Letitia “Tish” James is suing former President Donald Trump, some of his children, his Trump Organization company and others associated with the business, the New York State attorney general announced Wednesday.
The $250 million lawsuit is based on Trump’s alleged “intentional and deliberate fraud,” James said during a press conference announcing the lawsuit, as “part of his efforts to generate profits for himself, his family and his company” over the course of 10 years from 2011 to 2021.
“Trump falsely inflated his net worth by billions of dollars to unjustly enrich himself … with the help of other defendants,” who include Donald Trump Jr., Eric Trump and Ivanka Trump, James said.
“Trump and the organization repeatedly and persistently manipulated the value of assets” for organizations and real estate properties in an effort to convince banks to lend him money as well as to pay lower taxes, James said.
“Trump, his children and the Trump organization created and used more than 200 false and misleading asset evaluations over a 10-year period,“ James said.
James claims that as a result, Trump violated multiple state and federal laws. She said she would refer evidence of bank fraud to the Department of Justice and the Internal Revenue Service, something that seemingly increases the likelihood of criminal charges.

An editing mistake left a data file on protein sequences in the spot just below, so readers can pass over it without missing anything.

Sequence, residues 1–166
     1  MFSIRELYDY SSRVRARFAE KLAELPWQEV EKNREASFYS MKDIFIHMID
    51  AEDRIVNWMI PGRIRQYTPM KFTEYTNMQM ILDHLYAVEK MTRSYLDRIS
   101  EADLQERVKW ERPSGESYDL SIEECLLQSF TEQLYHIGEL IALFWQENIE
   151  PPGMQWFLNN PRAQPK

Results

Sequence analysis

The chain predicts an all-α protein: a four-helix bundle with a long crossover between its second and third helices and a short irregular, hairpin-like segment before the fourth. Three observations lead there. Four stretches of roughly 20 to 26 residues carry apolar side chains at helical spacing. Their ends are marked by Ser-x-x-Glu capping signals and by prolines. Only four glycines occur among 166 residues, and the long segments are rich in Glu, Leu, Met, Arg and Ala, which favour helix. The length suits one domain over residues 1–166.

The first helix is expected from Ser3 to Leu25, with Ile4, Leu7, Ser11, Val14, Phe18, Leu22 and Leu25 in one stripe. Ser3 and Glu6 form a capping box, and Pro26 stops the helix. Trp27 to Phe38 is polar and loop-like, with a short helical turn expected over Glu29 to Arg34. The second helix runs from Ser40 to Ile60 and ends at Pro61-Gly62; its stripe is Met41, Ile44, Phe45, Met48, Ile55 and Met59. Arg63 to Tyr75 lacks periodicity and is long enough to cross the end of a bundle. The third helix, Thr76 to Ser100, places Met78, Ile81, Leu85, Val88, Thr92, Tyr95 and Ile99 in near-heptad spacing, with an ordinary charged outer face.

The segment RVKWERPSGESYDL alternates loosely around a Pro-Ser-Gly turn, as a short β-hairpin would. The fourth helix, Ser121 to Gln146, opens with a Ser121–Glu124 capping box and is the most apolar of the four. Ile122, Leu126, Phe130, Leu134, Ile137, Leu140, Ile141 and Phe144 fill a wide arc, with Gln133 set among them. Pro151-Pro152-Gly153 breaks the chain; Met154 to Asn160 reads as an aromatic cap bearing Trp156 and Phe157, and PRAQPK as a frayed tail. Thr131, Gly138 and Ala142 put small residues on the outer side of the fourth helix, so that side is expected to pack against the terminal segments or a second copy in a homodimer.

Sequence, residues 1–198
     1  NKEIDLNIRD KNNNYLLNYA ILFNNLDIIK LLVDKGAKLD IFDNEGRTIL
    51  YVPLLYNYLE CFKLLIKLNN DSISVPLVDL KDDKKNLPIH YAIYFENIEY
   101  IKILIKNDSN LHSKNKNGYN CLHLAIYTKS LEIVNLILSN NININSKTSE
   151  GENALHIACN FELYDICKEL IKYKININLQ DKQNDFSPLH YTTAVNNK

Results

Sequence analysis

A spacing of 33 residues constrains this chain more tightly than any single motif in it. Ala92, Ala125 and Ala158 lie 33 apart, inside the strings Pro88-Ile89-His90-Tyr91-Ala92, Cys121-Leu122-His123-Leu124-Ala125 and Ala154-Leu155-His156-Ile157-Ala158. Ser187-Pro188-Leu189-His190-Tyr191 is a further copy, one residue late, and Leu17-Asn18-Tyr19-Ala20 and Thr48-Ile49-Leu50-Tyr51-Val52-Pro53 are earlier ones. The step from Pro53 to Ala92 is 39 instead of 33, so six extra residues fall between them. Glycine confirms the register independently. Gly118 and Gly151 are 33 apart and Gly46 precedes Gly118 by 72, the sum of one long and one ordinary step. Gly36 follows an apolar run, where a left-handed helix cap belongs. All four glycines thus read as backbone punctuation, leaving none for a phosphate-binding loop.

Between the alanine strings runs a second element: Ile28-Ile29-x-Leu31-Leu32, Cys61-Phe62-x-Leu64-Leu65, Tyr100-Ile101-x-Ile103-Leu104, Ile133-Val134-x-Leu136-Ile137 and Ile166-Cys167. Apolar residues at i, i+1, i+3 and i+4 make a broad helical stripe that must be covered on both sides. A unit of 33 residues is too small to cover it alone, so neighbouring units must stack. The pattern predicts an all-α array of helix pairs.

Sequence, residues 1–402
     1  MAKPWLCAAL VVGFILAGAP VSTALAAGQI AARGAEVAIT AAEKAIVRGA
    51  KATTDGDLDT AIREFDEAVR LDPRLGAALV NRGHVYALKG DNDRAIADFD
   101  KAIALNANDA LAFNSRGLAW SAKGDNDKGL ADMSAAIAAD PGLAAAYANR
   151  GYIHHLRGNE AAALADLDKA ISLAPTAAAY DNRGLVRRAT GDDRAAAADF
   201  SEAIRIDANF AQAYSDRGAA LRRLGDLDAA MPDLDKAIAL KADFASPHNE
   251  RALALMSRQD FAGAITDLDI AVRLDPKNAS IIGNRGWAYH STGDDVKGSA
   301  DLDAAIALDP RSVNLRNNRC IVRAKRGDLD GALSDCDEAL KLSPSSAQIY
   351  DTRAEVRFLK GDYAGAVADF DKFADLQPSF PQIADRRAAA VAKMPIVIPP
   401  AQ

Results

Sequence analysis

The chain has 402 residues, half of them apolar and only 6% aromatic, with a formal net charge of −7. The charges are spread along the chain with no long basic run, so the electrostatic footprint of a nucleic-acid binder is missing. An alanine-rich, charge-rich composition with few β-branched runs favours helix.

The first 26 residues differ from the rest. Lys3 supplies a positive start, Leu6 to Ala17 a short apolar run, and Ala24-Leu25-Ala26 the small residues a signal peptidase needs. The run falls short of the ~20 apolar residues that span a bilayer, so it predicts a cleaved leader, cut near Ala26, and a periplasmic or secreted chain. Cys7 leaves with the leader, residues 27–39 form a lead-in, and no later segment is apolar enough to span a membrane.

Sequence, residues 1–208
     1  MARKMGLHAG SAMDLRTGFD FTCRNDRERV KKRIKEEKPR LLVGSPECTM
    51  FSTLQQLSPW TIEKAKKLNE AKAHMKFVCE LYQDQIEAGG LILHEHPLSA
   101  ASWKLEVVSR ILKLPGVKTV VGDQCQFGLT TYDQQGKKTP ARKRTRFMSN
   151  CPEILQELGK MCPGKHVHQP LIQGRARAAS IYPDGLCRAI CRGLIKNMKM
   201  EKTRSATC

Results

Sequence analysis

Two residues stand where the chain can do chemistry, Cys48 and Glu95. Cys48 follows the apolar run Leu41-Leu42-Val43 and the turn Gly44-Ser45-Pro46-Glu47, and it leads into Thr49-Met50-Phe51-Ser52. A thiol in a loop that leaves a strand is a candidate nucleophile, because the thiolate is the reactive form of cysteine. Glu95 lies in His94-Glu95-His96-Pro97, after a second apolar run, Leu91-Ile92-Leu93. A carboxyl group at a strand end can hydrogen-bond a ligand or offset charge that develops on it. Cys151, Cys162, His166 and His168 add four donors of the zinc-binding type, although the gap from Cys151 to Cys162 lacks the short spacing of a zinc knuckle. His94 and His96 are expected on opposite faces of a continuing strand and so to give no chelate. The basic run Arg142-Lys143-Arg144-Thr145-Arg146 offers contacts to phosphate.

Some of Trump’s alleged misconduct as described in the lawsuit include falsifying business records, insurance fraud and engaging in a conspiracy to commit state law violations.
Others named in the lawsuit include former Trump Organization chief financial officer Allen Weisselberg, Jeffrey Mcconney, an executive with the Trump Organization, The Donald J. Trump Revocable Trust and The Trump Organization, Inc.
The lawsuit aims to prevent the Trumps from running any company in the state of New York. In addition, James is seeking to bar Trump and his organization from entering into any real estate commercial deals or applying for loans for five years.
“No one is above the law,” James repeated throughout the press conference.
Among the “common tactics” James claimed Trump used were falsely representing he had cash on hand that he actually did not have.
James pointed to Trump’s property at 40 Wall Street in New York City, which she claims he inflated the value of by more than double to the tune of $520 million. She also claimed Trump intentionally misrepresented the square footage of his triplex penthouse in order to fraudulently inflate its value to a price point of $327 million, for which “no apartment in New York City has ever sold.”
Doing so helped Trump illegally save millions of dollars in tax payments, James said.
Those examples “barely scratch the surface of the misconduct” that James said she and her team uncovered, calling them “astounding.”
Speculation ran rampant on social media after it was announced that James would be making a “major announcement” on Wednesday.
The New York Times reported last week that there was a possibility she may sue Trump after James’ office rejected offers to settle her investigation into the former president’s company, the Trump Organization.
The Times explained the consequences for Trump if James sued him: